Augmented Reality Onboarding

So I’m looking for a restaurant.  I bring up my phone, hold it up in front of me, and scan what’s around.  It tells me that 1.2 miles over that way there is a Thai place that is rated week, or 0.65 miles the other way there is a BBQ place that everyone loves.  I tap the screen and up come reviews.  I think that I’m headed to a pulled pork sandwich.

So it’s my first day on the job.  I’m lucky today – my cubicle, phone and laptop are all ready for me.  My manager takes me to lunch, and I get introduced to the team.  HR conducts orientation and I enroll in benefits.  Someone comes over and tells the the 10 people I should really meet at some point, and someone else drops 10 large binders on my desk to review.  Not so lucky after all.

Every manager is fully aware of long ramp up times for new employees as they adapt to a new culture, business processes, and team members.  For some roles, the ramp up period can be as short as a month, for other more technical roles 18 months is not unheard of.  Not only is there a need to decrease the ramp up period for productivity reasons, but the employee experience suffers as s/he struggles to navigate the new workplace.  While onboarding is the realm of HR practitioners, start-up and time to productivity is the realm of the manager, a well thought out social onboarding approach can integrate the two needs and accelerate tasks while engaging the new employee.  Tasks that happen informally in the current state of a business could be put to a “gamified” experience where new employees win points or badges as they accomplish a set of activities.  The simple activities could be making sure benefit enrollments are performed and going to the employee orientation.  But informal meetings, like having lunch with their manager and other team members, can be awarded.  Going a step further, creating a network of links in the internal social enterprise site can be encouraged, and getting to know other members of the staff beyond the employee’s core team will help the employee connect broadly in ways that may help their work in the not so immediate future.  Having a manager spend 15 minutes before their employee arrives noting who would be important to meet can make the employee onboarding experience less an outcome of luck and more a planned activity.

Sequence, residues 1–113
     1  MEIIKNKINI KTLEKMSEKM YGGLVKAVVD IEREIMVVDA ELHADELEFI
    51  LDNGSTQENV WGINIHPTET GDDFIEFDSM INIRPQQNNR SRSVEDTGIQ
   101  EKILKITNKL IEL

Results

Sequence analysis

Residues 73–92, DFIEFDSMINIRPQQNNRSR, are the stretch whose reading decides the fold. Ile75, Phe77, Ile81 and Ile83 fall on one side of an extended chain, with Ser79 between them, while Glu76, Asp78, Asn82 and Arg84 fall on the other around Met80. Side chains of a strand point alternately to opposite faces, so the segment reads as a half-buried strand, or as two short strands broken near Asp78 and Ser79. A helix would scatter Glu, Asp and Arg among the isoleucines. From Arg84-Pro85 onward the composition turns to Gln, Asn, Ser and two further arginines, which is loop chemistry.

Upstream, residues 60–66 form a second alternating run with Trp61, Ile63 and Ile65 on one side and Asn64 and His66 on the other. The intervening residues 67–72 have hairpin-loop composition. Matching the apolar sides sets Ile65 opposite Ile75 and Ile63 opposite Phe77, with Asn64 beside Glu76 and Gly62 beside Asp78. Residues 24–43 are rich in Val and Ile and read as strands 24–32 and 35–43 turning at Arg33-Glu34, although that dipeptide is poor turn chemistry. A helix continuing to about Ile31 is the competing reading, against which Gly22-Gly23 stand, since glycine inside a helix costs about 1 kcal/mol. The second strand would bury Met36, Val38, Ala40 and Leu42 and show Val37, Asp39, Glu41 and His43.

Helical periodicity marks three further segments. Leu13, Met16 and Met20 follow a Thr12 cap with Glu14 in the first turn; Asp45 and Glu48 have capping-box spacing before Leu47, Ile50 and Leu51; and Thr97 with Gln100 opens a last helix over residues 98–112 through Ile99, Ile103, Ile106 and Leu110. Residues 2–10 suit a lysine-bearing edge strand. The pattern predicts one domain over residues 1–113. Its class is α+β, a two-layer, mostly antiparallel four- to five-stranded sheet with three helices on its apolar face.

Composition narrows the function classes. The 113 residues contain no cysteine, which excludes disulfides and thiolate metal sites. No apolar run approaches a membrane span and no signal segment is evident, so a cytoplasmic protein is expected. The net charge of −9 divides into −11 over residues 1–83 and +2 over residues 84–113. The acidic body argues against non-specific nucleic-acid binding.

Gaming experiences can also be applied to onboarding.

  • Imagine if the employee could show up on their first day, download an app to their phone and take a guided tour of the office.
  • A new group of employees could be treated to an office scavenger hunt to familiarize them with people, places, and departments.
  • New hires could compete against each other in cross functional teams from different departments to get familiar with document management systems, company products and services, policies and procedures.
  • The mentoring experience could be converted to a series of interactions for which bot hthe new employee and the mentor can be rewarded.
  • At the end of the virtual onboarding experience, the employee has connected with their teams, people from other departments, they know where to find work related documents and administrative documents.

Onboarding and speed to productivity is something that most companies know is a problem, but continue to allow employees to grow in the organization organically.  Not only is there an opportunity to better manage the interactions that are known to create positive impact, but these interactions can be made fun.  An employee’s first day should be fun – it should be an expression of what the employee can expect for the rest of their career there.  It should be immersed in learning and discovering, accelerating the time it takes to bing productive and a full fledged member of the team.  SHouldn’t this one be a no-brainer?

HR, Twitter and Osama bin Laden

Yeah – I’m going to write about this.  I just finished watching Zero Dark Thirty on the plane, and I’m thinking back to that day.  I remember landing in the Chicago airport, booting up my phone and checking Twitter.  Scrolling through the feed, one caught my eye: “bin Laden is down.”  The tweet was more than a couple hours old at that point, but I noticed it came from a friend of mine in India.  I then proceeded straight to the United lounge where I was in absolute disbelief – they had some random Court TV channel on or something.  I asked everyone to change channels to CNN saying something like, “Guys, bin Laden is down, we need some news.”  I got blank stares and a, “Who are you and what are you smoking?”  By the time I left the club, everyone was hanging out next to the TV’s, it had finally made US media more than 4 hours after the event.